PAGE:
So because the current bypasses bulb X, it won't be so bright.

Now, when you close switch P and open switch Q, the path with the least resistence after Y is through switch P. Most current after switch P will now pass through bulb X after switch Q. As more current enters X, the bulb is now brighter. The voltage is now shared between X and Y meaning Y will be dimmer.
But why does bulb Y get dimmer??
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RogerOxon
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(Original post by Uni12345678)
But why does bulb Y get dimmer??
It has less voltage across it, as the other bulbs 'take' some of the battery's voltage.
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champ_mc99
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(Original post by Uni12345678)
But why does bulb Y get dimmer??
Since the current is now flowing through both bulb X and bulb Y, the voltage between them is shared. Before, bulb Y would get almost all the voltage.
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Uni12345678
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(Original post by RogerOxon)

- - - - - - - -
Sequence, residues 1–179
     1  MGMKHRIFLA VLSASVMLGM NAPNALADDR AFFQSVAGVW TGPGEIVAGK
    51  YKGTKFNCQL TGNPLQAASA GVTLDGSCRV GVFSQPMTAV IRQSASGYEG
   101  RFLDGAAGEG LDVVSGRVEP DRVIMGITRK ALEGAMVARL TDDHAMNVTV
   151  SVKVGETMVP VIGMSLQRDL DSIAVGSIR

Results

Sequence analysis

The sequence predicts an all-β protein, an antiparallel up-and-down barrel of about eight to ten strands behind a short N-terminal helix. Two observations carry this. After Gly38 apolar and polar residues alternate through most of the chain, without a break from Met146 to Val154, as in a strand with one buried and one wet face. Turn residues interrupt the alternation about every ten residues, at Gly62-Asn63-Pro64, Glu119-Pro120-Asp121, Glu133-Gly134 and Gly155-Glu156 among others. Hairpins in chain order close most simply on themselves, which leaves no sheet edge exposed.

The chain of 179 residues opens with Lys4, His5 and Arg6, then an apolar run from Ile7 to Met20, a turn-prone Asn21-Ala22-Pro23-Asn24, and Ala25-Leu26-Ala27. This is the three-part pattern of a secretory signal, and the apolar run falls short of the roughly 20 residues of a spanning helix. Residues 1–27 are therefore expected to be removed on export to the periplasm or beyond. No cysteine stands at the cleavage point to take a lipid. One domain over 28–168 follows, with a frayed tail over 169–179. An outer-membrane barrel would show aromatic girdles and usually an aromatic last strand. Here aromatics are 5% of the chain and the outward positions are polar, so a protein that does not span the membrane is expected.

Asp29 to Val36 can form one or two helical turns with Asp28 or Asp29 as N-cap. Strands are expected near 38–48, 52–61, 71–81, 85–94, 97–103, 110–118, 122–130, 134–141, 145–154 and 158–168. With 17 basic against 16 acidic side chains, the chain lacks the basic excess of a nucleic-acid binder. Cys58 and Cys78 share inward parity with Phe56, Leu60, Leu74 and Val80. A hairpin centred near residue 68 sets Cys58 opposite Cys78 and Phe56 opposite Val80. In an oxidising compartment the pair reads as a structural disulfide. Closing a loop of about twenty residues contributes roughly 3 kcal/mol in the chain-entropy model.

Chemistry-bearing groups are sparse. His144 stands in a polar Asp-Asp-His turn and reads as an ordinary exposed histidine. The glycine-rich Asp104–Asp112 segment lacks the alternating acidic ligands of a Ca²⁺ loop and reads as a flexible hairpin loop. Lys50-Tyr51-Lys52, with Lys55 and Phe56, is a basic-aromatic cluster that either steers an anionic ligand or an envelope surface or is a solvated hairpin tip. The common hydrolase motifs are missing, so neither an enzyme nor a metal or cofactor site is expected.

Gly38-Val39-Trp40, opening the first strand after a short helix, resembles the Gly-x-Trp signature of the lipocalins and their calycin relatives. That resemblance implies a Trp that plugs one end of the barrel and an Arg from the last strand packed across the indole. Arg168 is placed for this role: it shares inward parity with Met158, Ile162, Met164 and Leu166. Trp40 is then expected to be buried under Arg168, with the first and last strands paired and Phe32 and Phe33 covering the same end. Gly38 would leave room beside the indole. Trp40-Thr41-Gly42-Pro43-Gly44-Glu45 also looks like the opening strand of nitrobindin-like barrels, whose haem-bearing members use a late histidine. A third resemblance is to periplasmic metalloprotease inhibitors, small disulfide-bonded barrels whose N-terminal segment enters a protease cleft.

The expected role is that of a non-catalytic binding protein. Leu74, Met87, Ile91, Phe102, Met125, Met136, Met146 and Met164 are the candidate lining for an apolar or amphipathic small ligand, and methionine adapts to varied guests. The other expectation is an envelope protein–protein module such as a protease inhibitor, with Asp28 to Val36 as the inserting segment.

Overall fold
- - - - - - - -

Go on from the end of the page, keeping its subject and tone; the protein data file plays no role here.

It has less voltage across it, as the other bulbs 'take' some of the battery's voltage.
i dont get why it has less voltage across it...

I did some calculations assuming each bulb had a resistance of 12 ohms. I found that originally, all the bulbs apart from Y had negligible voltage across them and the overall current in the circuit is 0.5 A, so Y has 0.5 A through it. but after the change in switches, X has 4.8v across it and the current in the circuit is now 0.6 A so Y has 0.6 A through it. Therefore I thought the answer was A... what have I done wrong here? its frustrating me so much ahha
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RogerOxon
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(Original post by Uni12345678)
i dont get why it has less voltage across it...

I did some calculations assuming each bulb had a resistance of 12 ohms. I found that originally, all the bulbs apart from Y had negligible voltage across them and the overall current in the circuit is 0.5 A, so Y has 0.5 A through it. but after the change in switches, X has 4.8v across it and the current in the circuit is now 0.6 A so Y has 0.6 A through it. Therefore I thought the answer was A... what have I done wrong here? its frustrating me so much ahha
With Q closed, Y has 12V across it. All other bulbs have 0V (as they're in parallel to Q which has zero resistance). A current of 1A would therefore flow (with your 12 Ohm assumption).

With Q open and P closed, we have X in parallel with two series bulbs. That would give a resistance of 1/[1/12 + 1/(12 + 12)] = 8 Ohm (12 in parallel with 24). The total resistance would therefore be that (8) plus Y (12), i.e. 20 Ohm. A current of 0.6 Amp would flow (V/R = 12 / 20 = 0.6).